“I Found My Neurodivergent Safe Space, Where ‘Socially Awkward’ Is the Norm.”

Peopling is hard. Peopling with strangers is harder. When you’re neurodivergent, every social situation can feel like a slow-moving catastrophe of missed cues and faux pas. As my husband and I stepped into the hotel for the Horror Writers Association’s annual StokerCon gathering, disaster seemed to loom. I faced three days of intense peopling. Surely, I would screw it up somehow.

We walked into a sea of black-clothed people in nametags. I immediately noticed my Twitter buddy Andrew Sullivan, an accomplished author recognizable by his tats. “Hi!” I said, touching his arm — then realizing he was rushing by with a group of other people. I swallowed a wince: Social faux pas number one accomplished, and I hadn’t even reached the registration table.

But Andrew gave me a genuine smile. “Hey, Eliza!” he said. “Good to see you! I’ll catch up in a bit.” He disappeared into the crowd. I blinked a few times. He hadn’t ignored me. My impulsive greeting wasn’t brushed off as strange. That was different. My husband and I found the conference’s check-in. I was the writer. He’d come along for moral support — I wasn’t walking the social gauntlet alone.

I shouldn’t have worried, though I didn’t know it at the time.

Finding My Neurodivergent Safe Space

I’d started writing Southern Gothic horror about a year earlier; while I’d interacted with plenty of other writers on Twitter, I didn’t know about the horror community’s strong commitment to supporting its marginalized members — including the neurodiverse ones. So often, we’re lost in the shuffle. While people may say they “support neurodiversity” — and most do — they’re unwilling to do the hard work of understanding us.

We have trouble with eye contact. We overshare. We burn out and need a break; we miss social cues, then miss more while we’re trying to cover our embarrassment. To people who don’t understand, we can read as rude, condescending, or worse. It’s excruciating for us and alienating for others.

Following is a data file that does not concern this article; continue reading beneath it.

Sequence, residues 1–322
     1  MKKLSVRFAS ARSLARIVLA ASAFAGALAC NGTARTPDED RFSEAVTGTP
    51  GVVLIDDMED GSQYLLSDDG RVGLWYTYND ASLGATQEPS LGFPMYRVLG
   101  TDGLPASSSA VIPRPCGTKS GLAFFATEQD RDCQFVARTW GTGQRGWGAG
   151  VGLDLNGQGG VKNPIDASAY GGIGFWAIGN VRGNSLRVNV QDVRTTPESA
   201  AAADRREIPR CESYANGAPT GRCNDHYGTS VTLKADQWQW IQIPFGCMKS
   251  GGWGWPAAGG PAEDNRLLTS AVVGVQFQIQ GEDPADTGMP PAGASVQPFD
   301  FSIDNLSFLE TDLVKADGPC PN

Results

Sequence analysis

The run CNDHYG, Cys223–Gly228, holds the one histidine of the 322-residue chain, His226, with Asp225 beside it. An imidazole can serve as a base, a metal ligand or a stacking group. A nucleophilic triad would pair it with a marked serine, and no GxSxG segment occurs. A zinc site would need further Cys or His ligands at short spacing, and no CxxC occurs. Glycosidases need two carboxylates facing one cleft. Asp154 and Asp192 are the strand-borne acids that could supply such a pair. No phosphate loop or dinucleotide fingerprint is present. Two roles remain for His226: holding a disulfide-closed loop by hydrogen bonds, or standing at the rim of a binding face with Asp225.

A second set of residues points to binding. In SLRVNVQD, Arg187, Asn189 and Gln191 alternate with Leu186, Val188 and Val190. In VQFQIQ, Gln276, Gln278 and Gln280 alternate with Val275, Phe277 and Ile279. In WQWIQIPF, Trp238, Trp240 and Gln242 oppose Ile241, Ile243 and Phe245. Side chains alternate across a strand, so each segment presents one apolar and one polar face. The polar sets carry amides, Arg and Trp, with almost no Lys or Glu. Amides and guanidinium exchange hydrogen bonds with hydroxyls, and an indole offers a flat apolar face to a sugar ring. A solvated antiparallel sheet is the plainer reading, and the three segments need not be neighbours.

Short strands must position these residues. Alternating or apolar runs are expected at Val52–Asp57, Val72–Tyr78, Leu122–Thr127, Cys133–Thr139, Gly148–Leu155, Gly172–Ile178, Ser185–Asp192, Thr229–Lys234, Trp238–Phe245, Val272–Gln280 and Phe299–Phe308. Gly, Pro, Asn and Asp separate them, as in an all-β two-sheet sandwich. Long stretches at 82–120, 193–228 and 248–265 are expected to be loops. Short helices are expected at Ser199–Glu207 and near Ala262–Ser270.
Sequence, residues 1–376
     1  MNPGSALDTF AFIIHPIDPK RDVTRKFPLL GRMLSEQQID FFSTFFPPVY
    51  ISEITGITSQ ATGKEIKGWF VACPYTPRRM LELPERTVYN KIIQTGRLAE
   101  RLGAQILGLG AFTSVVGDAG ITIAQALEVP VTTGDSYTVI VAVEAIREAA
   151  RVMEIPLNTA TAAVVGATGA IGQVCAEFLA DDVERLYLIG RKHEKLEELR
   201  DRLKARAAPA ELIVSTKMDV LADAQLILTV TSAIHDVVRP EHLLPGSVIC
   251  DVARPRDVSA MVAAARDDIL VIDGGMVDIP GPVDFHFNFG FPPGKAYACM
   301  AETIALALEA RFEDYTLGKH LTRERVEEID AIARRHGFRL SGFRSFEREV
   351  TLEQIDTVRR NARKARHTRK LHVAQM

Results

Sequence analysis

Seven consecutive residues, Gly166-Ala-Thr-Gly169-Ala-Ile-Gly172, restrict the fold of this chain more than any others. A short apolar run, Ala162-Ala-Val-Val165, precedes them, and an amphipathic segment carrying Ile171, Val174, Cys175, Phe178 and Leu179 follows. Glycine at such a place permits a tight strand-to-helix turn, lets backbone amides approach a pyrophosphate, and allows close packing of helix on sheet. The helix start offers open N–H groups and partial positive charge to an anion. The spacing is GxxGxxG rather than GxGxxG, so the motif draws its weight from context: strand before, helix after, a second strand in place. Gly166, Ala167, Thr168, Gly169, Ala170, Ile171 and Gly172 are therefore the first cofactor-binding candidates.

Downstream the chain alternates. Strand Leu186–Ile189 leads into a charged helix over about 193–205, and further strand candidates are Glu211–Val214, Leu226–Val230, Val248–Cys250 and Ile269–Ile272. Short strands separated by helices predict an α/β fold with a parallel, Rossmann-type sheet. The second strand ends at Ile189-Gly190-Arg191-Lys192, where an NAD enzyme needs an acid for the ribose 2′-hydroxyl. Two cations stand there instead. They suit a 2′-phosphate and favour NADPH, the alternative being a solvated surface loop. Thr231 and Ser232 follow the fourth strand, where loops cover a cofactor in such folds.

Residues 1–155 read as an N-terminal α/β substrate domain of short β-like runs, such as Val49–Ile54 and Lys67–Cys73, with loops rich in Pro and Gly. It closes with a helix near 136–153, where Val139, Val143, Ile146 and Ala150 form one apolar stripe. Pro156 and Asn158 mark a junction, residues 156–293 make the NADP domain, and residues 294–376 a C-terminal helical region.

[Free Download: 8 Ways to Get Better at Small Talk]

The head of the Horror Writers Association, John Edward Lawson, understands this all too well. “As a person with CPTSD, severe depression, and ADHD, who is also a parent of someone on the autism spectrum, I am intimately familiar with the challenges faced when navigating a society engineered against your needs,” he says. “My belief as a leader is that you don’t boost your community by raising the ceiling, you do so by raising the floor; people who are forgotten, left out, or dismissed will contribute in groundbreaking ways when able to participate.”

I’d walked into the ultimate neurodivergent safe space.

This started to dawn on me when my cadre of Twitter buddies recognized me from across the bookroom — and shouted my name.

I hadn’t expected shouting, which is usually my first impulse and usually ends with a side-eye and a dismissal of over-enthusiasm.

“Can I give you a hug?” I asked after wending my way over. One more time, I stopped myself from wincing: Certainly, I’d said the wrong thing again. No one hugs people they just met.

“Um, I hope you give us a hug!” one of them replied.

I’d found my not-scary scary people.

[Self-Test: Could You Have Rejection Sensitive Dysphoria?]

Where the ‘Weird Kids’ Are